What began as a place of repression is now a campus for democracy: The former headquarters of the Ministry for State Security once housed thousands of employees of the secret police tasked with helping to secure the power of the SED-dictatorship. Today it is a place where these injustices of the past are addressed and connected to discussions about contemporary conflicts and values of society.
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The Former Stasi Headquarters
The Ministry for State Security (MfS), in short Stasi, had a dual function in the East German state. It was an intelligence service and a secret police. As an intelligence service it was tasked with protecting the GDR from threats and dangers by gathering information abroad and domestically. It however also was a secret police as it had the executive powers of arresting people considered “dangerous” to the system and keep them in pre-trial detention jails run by the Stasi. One of its main tasks, and that demonstrates its role in a dictatorship, was to put its own people under surveillance to search for criticism and resistance to the ruling system of the communist party in order to find threats to the maintenance of power.
The Stasi’s headquarters were in Berlin-Lichtenberg, along the Magdalenenstraße. While in the beginning the ministry was hardly noticeable, over time it began to dominate the neighborhood. An increasing number of buildings and places around Rusche-, Normannen-, and Magdalenenstraße were occupied and built up because of the ministry’s rapidly growing appetite for office and parking spaces.
From this site the Stasi organized among other things its system of repression. It spread out across the whole of East Germany supported by the 15 MfS district offices and 209 county offices and a total of 91,000 employees.
"Haus 7" was the seat of the main department XX. This unit surveyed relevant social spheres like the health service, the judiciary, the sports sector and the cultural sphere. Furthermore the main department XX ws in charge of fighting "oppositional forces". Today the building houses the offices of the archivists of the Stasi records archive.
Next door in "Haus 8" and "Haus 9", architecturally hidden from the outside world, was the most precious property of the Ministry for State Security: the knowledge storage - the archives. All records no longer needed for active work were filed in these two buildings that were finished in 1984. Much of the collected information about millions of people was centrally stored here and accessible through a complex card index system. The archives were in heavy use by Stasi employees for their work .
The Opening of the Records
In the course of the Peaceful Revolution of 1989/90 courageous citizens pushed themselves onto the premises of the Ministry for State Security, adding to the movement that ended the work of the Stasi and saved the records from destruction. “Freedom for my File” was a central slogan of the citizen’s movement. It expressed the deep rooted desire of many people to find out what types of information the Stasi had gathered about them and how that had changed the course of their lives.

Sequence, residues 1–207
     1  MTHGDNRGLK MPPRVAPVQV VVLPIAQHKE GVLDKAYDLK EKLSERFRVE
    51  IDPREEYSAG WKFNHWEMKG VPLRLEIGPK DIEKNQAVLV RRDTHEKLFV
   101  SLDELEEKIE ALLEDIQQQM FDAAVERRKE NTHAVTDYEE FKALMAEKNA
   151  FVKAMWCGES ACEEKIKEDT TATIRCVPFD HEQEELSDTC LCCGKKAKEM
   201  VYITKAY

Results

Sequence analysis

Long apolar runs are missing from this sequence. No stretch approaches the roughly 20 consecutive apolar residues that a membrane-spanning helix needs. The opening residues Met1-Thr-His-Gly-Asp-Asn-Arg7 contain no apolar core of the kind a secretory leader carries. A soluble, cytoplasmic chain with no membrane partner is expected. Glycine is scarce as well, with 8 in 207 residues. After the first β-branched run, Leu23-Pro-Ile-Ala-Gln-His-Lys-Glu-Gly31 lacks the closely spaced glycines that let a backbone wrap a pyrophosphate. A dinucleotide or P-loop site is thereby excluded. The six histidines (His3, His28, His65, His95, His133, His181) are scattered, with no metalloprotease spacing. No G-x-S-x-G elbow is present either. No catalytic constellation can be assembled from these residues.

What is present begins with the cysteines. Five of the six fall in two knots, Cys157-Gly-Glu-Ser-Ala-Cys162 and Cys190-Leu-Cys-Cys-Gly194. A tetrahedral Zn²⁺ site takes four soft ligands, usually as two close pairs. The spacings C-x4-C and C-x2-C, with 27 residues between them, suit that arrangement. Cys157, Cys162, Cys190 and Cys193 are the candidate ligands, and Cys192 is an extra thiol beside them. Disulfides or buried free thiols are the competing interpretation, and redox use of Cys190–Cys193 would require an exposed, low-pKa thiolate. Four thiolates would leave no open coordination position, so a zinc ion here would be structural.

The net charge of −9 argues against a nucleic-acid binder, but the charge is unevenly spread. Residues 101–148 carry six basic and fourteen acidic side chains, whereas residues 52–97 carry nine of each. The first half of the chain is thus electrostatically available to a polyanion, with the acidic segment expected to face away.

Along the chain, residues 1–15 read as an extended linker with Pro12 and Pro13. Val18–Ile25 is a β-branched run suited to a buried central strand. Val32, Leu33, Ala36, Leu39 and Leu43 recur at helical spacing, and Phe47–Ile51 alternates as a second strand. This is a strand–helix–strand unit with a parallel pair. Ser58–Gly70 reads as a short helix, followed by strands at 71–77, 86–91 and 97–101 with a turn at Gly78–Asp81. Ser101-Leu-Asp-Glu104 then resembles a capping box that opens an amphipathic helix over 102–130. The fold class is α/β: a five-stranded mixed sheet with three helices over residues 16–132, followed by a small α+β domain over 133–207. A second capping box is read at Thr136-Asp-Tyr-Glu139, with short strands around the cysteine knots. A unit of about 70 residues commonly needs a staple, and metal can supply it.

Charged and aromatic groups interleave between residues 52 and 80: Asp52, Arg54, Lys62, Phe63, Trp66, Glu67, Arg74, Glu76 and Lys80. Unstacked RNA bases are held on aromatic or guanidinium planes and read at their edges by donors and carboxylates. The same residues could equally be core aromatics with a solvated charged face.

Place of Repression, Revolution and Reflection
Today the written records of the Ministry for State Security are a foundation for the societal and judicial reappraisal of the SED-dictatorship. The Stasi Records Archive together with other civic society actors who chose to work on the grounds of the former Stasi headquarters turns the site into a Campus for Democracy.
In the building of the former offices of the minister for State Security - „Haus 1“, a central site of the system of repression – the Stasi-Museum has its home. In it the permanent exhibition “State Security in the SED-Dictatorship” illustrates structure, methods and effects of the East German secret police. The exhibition was jointly curated by the ASTAK e.V. and the Federal Commissioner for the Stasi Records (BStU) in 2014. The offices of the head of the Stasi Erich Mielke and the rooms of his closest aides as well as a conference room have been preserved in their original state.
Open-Air-Exhibition "Revolution and Fall of the Wall"
The permanent open air exhibition in the interior courtyard of the compound documents the most important milestones on the path to the revolution for freedom in East Germany – from the beginnings of protests to the Fall of the Wall on to German unification. It puts its focus on the people who pushed for a revolution and brought down the communist dictatorship. An English audio guide is available to walk you through the exhibition.
In support of students and teachers the education team at the Stasi Records Archive has a variety of offerings for school projects at the historic location to further the understanding of repression and resistance. These projects offer the possibility for an in-depth look at and a critical understanding of dictatorship, democracy and human rights.